Apr 17 2012
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The Cost of Obesity and the ROI of Prevention

Michael O'Grady, NORC

A new report, Assessing the Economics of Obesity and Obesity Interventions, by researchers from the Campaign to End Obesity, looks at the costs of the obesity epidemic and the possible array of interventions that could prevent obesity and save the country money.

When the Congressional Budget Office measures the impact of policies to address chronic diseases, their estimates usually cover a 10-year period. The authors of this new report argue that this timeframe accounts for most of the costs of legislation, but tends to underestimate the benefits. Preventing chronic diseases can have benefits over a long period of time, because many costly complications from such diseases take more than ten years to develop. The authors recommend using a 25-year budget window instead to fully account for the value of disease prevention. The report was supported by the Robert Wood Johnson Foundation.

NewPublicHealth spoke with Michael O’Grady, PhD, a senior fellow at the National Opinion Research Center (NORC) at the University of Chicago, a lead author and a former Assistant Secretary in the Department of Health and Human Services, about the report.

NewPublicHealth: How did the report come about? What research have you been doing that led you to this?

Michael O’Grady: The desire here was to bring in outside researchers to lend a fresh set of eyes who can take a look at the evidence around obesity, and who would have insight into more of the policy discussions that have gone on. My background is on the Hill. So to a certain degree, my co-author and I, Jim Capretta, have expertise in terms of modeling, and in the research, but also very much in terms of how that fits into terms of policy decision-making.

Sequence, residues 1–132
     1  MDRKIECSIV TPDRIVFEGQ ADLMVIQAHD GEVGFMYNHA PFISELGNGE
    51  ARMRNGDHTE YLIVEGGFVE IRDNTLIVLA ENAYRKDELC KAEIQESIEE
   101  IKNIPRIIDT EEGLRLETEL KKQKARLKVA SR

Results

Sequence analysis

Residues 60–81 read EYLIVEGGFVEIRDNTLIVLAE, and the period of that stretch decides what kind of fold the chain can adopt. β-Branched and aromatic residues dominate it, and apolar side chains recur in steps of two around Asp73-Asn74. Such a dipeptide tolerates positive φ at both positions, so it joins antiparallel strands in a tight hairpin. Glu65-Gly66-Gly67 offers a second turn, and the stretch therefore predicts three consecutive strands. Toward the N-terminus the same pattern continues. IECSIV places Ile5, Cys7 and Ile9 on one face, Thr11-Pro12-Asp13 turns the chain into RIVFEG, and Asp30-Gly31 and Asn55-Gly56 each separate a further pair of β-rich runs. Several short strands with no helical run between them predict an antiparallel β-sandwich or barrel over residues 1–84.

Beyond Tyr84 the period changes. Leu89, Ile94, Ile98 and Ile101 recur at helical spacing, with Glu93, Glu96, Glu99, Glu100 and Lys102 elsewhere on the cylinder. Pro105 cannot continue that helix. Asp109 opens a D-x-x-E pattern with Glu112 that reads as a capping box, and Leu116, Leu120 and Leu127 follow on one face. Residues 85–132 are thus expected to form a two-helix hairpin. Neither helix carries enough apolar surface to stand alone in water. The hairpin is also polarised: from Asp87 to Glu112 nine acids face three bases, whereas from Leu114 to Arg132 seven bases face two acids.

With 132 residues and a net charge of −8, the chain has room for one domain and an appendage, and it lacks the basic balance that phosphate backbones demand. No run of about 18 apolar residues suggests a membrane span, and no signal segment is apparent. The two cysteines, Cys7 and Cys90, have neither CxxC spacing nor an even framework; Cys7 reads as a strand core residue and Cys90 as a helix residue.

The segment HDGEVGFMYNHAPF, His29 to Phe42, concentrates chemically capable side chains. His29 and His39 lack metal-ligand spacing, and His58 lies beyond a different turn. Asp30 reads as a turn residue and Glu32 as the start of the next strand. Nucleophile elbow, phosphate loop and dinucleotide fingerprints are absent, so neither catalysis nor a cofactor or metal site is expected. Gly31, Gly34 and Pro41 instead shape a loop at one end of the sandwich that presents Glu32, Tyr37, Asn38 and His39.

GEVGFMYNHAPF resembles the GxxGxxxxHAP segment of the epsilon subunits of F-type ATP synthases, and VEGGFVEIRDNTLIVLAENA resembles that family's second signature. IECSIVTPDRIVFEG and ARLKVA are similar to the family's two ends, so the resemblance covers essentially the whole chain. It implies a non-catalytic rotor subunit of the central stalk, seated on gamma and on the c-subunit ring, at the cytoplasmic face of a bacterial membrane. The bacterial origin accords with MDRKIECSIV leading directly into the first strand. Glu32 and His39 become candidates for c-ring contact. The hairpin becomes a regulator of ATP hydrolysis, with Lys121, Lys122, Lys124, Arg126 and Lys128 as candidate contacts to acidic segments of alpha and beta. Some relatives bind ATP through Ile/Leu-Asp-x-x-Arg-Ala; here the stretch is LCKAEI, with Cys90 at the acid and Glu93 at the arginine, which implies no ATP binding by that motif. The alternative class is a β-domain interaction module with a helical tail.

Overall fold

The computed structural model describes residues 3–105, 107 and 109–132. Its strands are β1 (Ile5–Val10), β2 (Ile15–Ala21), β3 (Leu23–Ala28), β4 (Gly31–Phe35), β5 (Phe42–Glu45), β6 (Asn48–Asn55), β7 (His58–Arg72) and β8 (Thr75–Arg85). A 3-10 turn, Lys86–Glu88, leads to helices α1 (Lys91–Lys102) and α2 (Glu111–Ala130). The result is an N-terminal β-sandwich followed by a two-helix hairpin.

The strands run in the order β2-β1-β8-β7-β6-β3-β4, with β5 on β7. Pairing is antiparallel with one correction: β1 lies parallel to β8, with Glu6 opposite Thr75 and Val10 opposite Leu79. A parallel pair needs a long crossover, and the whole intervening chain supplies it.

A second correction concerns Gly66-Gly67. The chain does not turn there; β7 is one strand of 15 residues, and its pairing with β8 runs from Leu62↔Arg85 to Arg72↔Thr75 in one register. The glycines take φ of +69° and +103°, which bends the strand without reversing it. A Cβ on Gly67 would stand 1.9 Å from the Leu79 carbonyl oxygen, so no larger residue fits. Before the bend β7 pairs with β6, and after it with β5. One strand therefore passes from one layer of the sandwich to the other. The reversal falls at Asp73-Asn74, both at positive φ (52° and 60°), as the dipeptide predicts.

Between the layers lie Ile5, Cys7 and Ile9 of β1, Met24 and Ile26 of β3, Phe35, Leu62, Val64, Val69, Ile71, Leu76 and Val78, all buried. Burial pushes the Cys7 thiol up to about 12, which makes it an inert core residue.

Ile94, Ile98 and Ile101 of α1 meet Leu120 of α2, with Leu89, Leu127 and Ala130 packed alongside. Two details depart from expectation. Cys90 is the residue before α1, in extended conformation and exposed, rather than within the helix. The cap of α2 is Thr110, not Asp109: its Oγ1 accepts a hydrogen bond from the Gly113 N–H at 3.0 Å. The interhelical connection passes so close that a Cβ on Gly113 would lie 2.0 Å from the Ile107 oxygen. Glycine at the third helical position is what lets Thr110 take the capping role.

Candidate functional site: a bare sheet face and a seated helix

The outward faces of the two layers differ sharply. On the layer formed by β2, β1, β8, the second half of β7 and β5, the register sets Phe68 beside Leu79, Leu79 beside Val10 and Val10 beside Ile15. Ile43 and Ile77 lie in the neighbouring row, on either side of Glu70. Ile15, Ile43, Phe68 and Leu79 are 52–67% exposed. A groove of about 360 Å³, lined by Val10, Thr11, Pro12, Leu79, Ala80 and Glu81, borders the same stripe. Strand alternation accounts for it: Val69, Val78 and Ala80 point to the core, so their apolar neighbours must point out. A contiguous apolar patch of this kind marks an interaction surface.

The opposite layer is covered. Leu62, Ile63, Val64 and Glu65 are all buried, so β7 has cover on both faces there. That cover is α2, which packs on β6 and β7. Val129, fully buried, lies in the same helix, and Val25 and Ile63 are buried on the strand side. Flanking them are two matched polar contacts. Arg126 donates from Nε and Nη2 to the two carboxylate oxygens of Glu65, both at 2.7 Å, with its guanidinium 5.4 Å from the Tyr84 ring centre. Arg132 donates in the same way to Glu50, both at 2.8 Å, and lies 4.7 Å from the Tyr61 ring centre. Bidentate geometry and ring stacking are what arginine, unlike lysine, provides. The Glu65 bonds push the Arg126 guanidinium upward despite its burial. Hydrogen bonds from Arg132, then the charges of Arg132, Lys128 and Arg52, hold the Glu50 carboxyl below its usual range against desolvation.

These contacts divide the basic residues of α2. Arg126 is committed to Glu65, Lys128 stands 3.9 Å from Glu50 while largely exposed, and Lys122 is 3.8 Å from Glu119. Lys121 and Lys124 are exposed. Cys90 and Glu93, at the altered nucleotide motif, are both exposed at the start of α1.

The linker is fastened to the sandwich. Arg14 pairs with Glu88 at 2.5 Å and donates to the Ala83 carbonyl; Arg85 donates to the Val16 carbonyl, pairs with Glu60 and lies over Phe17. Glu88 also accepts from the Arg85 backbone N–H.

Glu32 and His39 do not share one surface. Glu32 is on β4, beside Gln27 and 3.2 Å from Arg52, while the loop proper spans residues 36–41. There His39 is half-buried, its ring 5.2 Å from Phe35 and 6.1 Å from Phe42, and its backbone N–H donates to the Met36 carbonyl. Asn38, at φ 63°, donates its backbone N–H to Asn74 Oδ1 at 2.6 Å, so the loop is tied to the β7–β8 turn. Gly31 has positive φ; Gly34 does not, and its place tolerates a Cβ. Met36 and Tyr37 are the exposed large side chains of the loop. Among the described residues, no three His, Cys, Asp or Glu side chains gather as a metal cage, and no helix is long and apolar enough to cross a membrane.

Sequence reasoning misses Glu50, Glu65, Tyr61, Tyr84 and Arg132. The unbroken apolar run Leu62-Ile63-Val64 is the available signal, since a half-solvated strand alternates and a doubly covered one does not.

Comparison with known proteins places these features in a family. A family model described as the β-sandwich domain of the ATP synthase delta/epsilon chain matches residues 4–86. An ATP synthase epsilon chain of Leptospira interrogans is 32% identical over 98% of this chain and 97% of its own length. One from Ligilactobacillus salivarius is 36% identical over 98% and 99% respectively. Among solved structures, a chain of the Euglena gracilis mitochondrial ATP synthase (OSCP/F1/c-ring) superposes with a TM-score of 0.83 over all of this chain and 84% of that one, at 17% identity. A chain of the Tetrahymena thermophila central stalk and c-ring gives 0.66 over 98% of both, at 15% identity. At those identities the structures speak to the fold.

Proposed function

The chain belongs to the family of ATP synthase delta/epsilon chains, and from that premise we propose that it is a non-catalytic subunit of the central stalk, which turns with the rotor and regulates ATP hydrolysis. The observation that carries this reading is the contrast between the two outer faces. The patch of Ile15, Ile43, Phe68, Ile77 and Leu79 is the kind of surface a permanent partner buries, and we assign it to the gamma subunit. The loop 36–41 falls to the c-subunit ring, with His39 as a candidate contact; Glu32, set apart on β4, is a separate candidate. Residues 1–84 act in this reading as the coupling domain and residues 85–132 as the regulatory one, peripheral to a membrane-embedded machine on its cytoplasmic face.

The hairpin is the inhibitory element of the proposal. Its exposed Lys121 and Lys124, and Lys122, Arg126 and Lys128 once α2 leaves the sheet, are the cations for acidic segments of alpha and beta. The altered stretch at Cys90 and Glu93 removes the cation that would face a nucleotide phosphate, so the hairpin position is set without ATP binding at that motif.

NPH: And what is the gist of what your report found?

Michael O’Grady: There were three main things that we were asked to look at. We were asked to look at what was the most rigorous and best evidence on both the size of the obesity problem in the United States today, as well as the best projections of where it’s liable to go over the next decade or two. The second question was how much is obesity really costing us, and what are the spending projections over the next decade or two? Third, are there interventions that appeared to be either be cost-effective or provide cost savings in the areas of obesity prevention or treatment?

We looked across the broad range of obesity interventions, which include school-based interventions, community-based interventions, pharmaceutical interventions, surgical interventions and then workplace interventions. We tried to find a subset of those that had the right kind of analysis, the right data to be able to show fairly conclusively what they were able to do and how much money they were either able to save or at least how they were able to be cost-effective.

NPH: What is the role of targeting to make sure the right interventions get to the right people?

Michael O’Grady: This is done widely in other areas. When it comes to prevention and screening, for example, you ask questions like are you over age 50? Do you have a family history of this particular problem? Do you have a lab test that shows your cholesterol levels are over X or Y? So we do this in other areas. This is a little foreign to some areas like community-based interventions that say we’re going to have a walking program for our town and pretty much everybody’s invited.